`Modern languages will be dead in the water'

Sixth-form colleges say looming `fiscal cliff' will harm A-level offer
7th November 2014, 12:00am
Nick Morrison & Darren Evans


`Modern languages will be dead in the water'


Sixth-form colleges may be forced to drastically cut the number of A-levels and other qualifications they offer as a result of funding pressures and moves to encourage students to take core subjects.

College leaders have warned that the number of A-levels on offer could fall from 40 to as few as 15, significantly narrowing the choice available to students. Modern foreign languages will be "dead in the water", with further maths and creative subjects such as music and drama also vulnerable.

The warning comes as sixth-form colleges prepare for the end of transitional funding, a temporary measure introduced to shield them from the worst effects of a major funding overhaul. This runs out next year, and some colleges will have their funding reduced by about 20 per cent to around pound;4,000 per student, according to David Igoe, chief executive of the Sixth Form Colleges' Association.

"They're facing a fiscal cliff in 2015-16," he said. "That is driving decisions about the kind of curriculum offer they can make."

Colleges would need to ensure they had sufficient numbers to run a subject, he added. "Sixth-form colleges typically offer around 40 subjects, which is great for students because they have a lot of choice, but in future the A-level offer won't be much more than 15 subjects."

In addition, the government's promotion of the English Baccalaureate (EBac) range of core GCSE subjects and the emphasis on taking "facilitating subjects" for university entry are narrowing students' options.

"It is inevitable that students who have come through that diet [the EBac] in school will choose those A-levels as well," Mr Igoe said. However, despite being included in the EBac, language qualifications were vulnerable, he warned. "Modern languages will be dead in the water and it will be difficult to run further maths as an A-level," he added.

A-level maths entries have risen by more than two-thirds in the past decade, while the number of students taking French and German has fallen by about 50 per cent over the same period.

The Russell Group of universities recommends that students take at least two of the options on its list of facilitating subjects to ensure access to the widest range of degrees. The subjects on the list are maths and further maths, English literature, physics, chemistry, biology, history, geography and classical and modern languages.

Mark Bramwell, associate director for sixth-form colleges at the Association of Colleges, said some colleges were cutting back on the range of A-level choices even before the end of transitional funding.

The AoC is carrying out research into further education and tertiary college A-level provision; it estimates that 40 colleges have dropped A-level courses in the past four years.

"Already, before the funding protection disappears, colleges are having to reduce their breadth of subjects," Mr Bramwell said. "A number of sixth-form colleges have already taken subjects out for this year and others are planning to reduce their offer for next year."

He said colleges that used to offer three modern foreign languages were cutting back to two or even one, while music was also at risk.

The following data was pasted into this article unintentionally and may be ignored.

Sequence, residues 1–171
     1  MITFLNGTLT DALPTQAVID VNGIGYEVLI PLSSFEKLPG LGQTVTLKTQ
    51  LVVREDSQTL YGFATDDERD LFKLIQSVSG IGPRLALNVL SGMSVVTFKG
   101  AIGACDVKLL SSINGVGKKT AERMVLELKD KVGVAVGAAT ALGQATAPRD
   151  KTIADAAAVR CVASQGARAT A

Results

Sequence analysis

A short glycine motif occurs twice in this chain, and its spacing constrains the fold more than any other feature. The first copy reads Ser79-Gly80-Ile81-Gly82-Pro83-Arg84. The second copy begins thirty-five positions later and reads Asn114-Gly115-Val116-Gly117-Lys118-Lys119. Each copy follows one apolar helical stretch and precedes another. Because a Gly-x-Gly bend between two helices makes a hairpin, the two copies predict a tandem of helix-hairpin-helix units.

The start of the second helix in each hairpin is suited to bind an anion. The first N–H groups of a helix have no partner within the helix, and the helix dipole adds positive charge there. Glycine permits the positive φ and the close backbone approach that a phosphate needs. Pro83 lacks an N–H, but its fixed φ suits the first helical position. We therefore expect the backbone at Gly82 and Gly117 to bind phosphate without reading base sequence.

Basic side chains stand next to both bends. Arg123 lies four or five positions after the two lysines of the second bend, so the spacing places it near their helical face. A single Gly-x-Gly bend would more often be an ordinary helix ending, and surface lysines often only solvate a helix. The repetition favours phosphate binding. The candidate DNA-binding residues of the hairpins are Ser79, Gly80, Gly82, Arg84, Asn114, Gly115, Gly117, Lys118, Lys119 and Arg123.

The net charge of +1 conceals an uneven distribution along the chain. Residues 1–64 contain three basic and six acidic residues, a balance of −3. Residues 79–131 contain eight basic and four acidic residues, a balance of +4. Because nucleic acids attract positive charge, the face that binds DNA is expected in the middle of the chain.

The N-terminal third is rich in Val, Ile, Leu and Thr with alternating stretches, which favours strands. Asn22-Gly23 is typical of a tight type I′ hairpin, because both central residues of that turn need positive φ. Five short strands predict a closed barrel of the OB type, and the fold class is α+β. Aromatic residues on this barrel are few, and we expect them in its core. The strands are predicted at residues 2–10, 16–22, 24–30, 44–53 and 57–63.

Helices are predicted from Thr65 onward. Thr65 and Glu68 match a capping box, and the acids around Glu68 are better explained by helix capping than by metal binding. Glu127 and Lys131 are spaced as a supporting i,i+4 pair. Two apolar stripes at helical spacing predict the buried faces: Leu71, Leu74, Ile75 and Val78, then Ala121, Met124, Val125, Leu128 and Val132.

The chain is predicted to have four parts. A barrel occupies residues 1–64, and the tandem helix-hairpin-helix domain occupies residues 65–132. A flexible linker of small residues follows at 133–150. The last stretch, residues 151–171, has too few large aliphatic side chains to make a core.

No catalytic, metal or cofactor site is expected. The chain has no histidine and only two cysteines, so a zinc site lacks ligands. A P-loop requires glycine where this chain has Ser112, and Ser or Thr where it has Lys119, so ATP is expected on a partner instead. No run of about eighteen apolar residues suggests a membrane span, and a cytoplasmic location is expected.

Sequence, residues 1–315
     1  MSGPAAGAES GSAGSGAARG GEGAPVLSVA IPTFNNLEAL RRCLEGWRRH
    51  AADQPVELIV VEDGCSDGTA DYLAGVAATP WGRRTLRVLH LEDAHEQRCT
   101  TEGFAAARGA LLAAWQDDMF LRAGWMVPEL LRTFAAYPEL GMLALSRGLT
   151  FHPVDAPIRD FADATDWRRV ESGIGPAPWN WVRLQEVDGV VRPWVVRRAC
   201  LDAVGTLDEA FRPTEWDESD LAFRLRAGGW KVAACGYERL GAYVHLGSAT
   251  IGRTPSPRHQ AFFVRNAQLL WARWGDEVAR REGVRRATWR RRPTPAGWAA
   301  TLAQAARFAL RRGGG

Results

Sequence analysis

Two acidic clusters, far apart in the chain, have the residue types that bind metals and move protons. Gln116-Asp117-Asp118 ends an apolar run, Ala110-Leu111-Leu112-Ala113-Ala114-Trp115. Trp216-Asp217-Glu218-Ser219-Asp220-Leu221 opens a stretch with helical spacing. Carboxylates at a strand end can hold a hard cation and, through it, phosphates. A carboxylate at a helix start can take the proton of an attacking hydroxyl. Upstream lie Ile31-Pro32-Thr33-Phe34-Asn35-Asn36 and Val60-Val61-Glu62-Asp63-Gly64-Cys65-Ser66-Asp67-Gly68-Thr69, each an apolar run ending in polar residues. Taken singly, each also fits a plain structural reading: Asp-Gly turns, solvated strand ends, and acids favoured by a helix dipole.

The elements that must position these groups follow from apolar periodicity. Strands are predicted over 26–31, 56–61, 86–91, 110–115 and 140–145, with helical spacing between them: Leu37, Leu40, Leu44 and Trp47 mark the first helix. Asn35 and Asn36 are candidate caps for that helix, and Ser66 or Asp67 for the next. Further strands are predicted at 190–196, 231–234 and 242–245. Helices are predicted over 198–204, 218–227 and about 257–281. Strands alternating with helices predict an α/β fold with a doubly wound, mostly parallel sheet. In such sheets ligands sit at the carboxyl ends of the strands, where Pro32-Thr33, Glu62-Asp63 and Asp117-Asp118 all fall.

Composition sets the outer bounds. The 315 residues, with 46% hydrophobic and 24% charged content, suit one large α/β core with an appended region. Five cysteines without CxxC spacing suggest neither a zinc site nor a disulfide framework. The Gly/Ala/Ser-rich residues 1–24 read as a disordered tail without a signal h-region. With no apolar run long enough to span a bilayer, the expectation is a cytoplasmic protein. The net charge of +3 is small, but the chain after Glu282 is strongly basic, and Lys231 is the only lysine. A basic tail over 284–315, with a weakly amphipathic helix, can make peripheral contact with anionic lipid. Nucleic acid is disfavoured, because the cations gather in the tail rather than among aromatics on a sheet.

Colleges had previously been able to maintain small group sizes in some subjects by also running more popular courses, but funding was now so tight that this might no longer be possible, Mr Bramwell added. "There has been cross-subsidy for a number of years, but that opportunity has gone now and subjects have to stand on their own two feet," he explained.

He said he was aware of one college that now offered students four separate pathways of three A-levels each, effectively reducing its A-level range to just 12 subjects.

"It is a shame because the strength of our sixth-form colleges has always been the breadth of the offer. A student could have a choice of 40 or 50 subjects at advanced level and a programme designed around them and their career aspirations and their interests," Mr Bramwell said.

The majority still wanted to have as many subjects as possible but were reducing their range each year, he added.

The Department for Education said it had ended the "historic and unfair" funding difference between post-16 schools and colleges by providing funding per student, rather than discriminating between qualifications.

A DfE spokesman said: "The funding is sufficient for each full-time student to undertake a full timetable of courses to suit their needs, be it A-levels or other post-16 qualifications.

"It is for individual institutions to decide on what they provide to best suit the needs of their students."

`It will affect less sellable subjects'

Ian Hooper, vice-principal of Woodhouse College in North London, says there is likely to be a "narrowing" of the range of subjects on offer over the next few years.

Woodhouse does not benefit from transitional relief, so will not lose funding, but nevertheless the combination of the EBac and the focus on facilitating subjects could funnel students away from subjects that are seen as less important for getting into university.

"It makes students more concerned that what they do will have `currency' and will be a route into what they perceive to be the best universities," Mr Hooper says.

The college aims to keep the broad curriculum that distinguishes it from nearby schools but cannot rule out dropping some A-levels.

"Over the next three or four years it might mean that we have to look at some subjects," Mr Hooper says. "If you are choosing three two-year courses, which is what it seems the government wants as the direction of travel, that will probably have an impact on what are seen as the less sellable subjects."

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